(I am not a linguist, so I don't know proper terminology)

When studying Spanish and French, I quickly learned that many very common verbs have irregular forms; the reason given was that common usage gave way to more possibilities for the word to change.

Why then is the word "brother" (same for "father" and "mother", etc), such a stable word in Indo-European languages, given that it is clearly a very common noun?

  • 1
    It'd help to put an actual question as the title. I'm thinking something like, "Why are some common words so stable across the Indo-European languages while others have such variation?" Although I'm also not a linguist.
    – wjandrea
    Feb 5 at 21:37
  • Just a little notice about the article, barát in Hungarian means "friend", brother (or sister as there's no distinction) is "testvér" which has nothing to do with PIE as it's a compound of 2 Finno-Ugric words (meaning body and blood), not sure if that's relevant since Hungarian is not Indo-European but I'm just questioning its mention in the article
    – mi1000
    Feb 6 at 8:03

1 Answer 1


Common usage creates irregularity, but not because those words are likely to change—rather, it's because they're not likely to change! These common words are likely to stay in their current forms even as the rest of the language changes around them, leaving them as irregularities to be memorized.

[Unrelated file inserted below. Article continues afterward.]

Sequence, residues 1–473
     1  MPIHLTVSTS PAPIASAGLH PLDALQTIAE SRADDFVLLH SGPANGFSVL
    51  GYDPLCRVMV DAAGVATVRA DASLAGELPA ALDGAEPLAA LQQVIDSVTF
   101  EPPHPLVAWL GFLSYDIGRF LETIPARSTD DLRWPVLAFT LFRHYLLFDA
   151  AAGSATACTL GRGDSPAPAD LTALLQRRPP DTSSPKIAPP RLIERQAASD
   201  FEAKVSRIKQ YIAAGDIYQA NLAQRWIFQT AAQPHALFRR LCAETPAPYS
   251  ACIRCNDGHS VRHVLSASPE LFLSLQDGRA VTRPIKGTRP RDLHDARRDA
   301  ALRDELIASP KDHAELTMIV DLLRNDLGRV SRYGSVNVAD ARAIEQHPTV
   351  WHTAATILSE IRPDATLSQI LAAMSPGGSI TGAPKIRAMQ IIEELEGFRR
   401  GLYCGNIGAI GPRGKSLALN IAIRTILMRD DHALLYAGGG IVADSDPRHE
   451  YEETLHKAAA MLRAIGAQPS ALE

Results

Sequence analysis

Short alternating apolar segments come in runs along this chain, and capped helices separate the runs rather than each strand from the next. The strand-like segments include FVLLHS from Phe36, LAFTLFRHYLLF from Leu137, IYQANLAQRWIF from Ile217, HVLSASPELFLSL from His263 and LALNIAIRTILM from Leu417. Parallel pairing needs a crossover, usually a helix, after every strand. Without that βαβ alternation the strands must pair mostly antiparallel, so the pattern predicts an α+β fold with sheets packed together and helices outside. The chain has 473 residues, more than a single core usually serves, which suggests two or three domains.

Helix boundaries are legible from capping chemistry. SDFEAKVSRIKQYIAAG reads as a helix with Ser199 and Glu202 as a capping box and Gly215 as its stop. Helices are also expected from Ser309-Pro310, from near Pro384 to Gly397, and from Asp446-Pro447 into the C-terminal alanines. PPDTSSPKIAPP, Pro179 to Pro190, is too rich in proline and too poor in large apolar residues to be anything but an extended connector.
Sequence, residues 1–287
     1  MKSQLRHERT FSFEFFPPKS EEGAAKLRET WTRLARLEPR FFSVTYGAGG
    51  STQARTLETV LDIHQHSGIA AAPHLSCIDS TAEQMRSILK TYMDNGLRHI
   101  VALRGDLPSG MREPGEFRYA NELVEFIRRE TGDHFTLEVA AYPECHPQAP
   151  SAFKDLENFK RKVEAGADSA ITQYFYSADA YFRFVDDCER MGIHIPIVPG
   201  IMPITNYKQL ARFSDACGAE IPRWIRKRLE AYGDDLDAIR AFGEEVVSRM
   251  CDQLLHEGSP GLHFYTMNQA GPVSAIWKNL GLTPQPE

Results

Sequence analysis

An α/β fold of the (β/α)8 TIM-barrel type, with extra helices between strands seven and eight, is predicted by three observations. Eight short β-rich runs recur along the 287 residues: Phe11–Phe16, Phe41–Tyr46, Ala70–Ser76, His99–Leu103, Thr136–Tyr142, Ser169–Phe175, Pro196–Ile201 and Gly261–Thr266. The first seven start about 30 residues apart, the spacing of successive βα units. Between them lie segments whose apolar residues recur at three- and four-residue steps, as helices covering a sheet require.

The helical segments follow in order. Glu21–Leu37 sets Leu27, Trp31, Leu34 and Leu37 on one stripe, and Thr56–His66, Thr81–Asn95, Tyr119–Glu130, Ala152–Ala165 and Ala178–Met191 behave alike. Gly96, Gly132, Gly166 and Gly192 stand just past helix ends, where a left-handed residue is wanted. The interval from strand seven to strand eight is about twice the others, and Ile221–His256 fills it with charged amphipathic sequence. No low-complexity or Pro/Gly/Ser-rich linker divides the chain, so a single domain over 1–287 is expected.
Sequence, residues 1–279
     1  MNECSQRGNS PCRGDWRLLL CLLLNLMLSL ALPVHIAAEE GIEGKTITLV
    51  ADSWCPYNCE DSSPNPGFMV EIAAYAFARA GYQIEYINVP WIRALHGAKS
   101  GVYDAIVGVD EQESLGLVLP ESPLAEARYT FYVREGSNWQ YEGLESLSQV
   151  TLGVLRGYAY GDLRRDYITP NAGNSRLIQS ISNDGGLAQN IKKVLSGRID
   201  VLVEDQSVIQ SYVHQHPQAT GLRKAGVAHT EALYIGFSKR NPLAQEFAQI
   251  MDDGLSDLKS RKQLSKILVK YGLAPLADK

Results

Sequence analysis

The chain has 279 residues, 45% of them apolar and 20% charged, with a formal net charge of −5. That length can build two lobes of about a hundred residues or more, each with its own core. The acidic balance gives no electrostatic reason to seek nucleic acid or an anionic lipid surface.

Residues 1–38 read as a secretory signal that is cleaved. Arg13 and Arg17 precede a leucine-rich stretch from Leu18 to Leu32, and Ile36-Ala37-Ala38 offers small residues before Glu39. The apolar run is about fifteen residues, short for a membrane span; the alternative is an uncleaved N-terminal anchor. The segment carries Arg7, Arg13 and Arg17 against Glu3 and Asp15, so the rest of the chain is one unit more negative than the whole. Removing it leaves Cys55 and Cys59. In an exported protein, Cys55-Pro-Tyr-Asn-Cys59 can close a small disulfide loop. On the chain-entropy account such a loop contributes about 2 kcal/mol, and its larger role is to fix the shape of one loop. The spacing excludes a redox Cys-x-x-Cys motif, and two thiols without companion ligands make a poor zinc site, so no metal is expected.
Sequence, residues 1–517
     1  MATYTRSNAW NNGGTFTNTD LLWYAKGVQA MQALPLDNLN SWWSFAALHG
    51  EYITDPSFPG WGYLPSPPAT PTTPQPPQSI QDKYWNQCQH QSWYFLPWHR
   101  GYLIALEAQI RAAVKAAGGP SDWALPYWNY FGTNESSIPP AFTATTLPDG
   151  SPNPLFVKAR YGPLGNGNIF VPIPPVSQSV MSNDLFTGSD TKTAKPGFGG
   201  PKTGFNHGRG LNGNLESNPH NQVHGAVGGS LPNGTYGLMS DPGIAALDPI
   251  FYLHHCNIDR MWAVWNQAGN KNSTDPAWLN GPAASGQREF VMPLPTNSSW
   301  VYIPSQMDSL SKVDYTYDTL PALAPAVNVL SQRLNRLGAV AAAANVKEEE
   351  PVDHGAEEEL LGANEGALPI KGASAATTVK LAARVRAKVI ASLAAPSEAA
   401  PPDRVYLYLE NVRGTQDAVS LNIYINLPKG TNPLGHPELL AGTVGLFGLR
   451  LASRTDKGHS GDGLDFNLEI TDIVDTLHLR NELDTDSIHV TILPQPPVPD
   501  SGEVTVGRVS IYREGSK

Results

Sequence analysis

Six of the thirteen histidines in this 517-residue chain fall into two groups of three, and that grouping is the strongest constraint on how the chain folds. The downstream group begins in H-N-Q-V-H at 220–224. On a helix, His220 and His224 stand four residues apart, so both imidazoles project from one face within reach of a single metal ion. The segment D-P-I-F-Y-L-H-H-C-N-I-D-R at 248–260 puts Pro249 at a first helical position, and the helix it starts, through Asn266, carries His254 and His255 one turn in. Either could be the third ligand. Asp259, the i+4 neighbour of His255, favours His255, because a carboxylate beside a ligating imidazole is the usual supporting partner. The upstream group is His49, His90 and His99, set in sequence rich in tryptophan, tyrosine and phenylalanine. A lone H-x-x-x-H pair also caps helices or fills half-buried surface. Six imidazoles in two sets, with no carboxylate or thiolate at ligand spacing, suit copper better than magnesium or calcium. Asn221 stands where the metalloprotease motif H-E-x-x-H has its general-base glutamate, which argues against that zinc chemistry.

The way you conjugate verbs in English looks quite different from Spanish and French, for example. But English "is", Spanish es, and French est look quite similar (and quite different from how verbs work in the rest of the language). This particular form goes back to *h₁es-ti, a perfectly normal way of conjugating the verb in Proto-Indo-European, which has stuck around in various descendants despite the whole system of verb conjugation evolving in new directions. (Similarly Russian jest', Hittite ēszi, Sanskrit asti, Persian ast…)

  • 1
    Can we work-out what the old grammar rules were based on irregular verb forms?
    – Arcanus
    Feb 5 at 18:22
  • 3
    @Arcanus Yep! Looking at fossils and irregularities in recorded languages is a good source of information about their ancestors.
    – Draconis
    Feb 5 at 18:28
  • @Arcanus a case in point is that the present tense of German "sein", Latin "sum" (apart from its 1st person singular), & Sanskrit "asti" all preserve the old ablaut pattern of athematic root verbs between 3rd person singular *h₁ésti & 3rd person plural *h₁sénti, an alternation that is lost almost everywhere
    – Tristan
    Feb 6 at 10:04
  • 1
    @Arcanus See linguistic reconstruction for more details on working things out.
    – J D
    Feb 6 at 21:22

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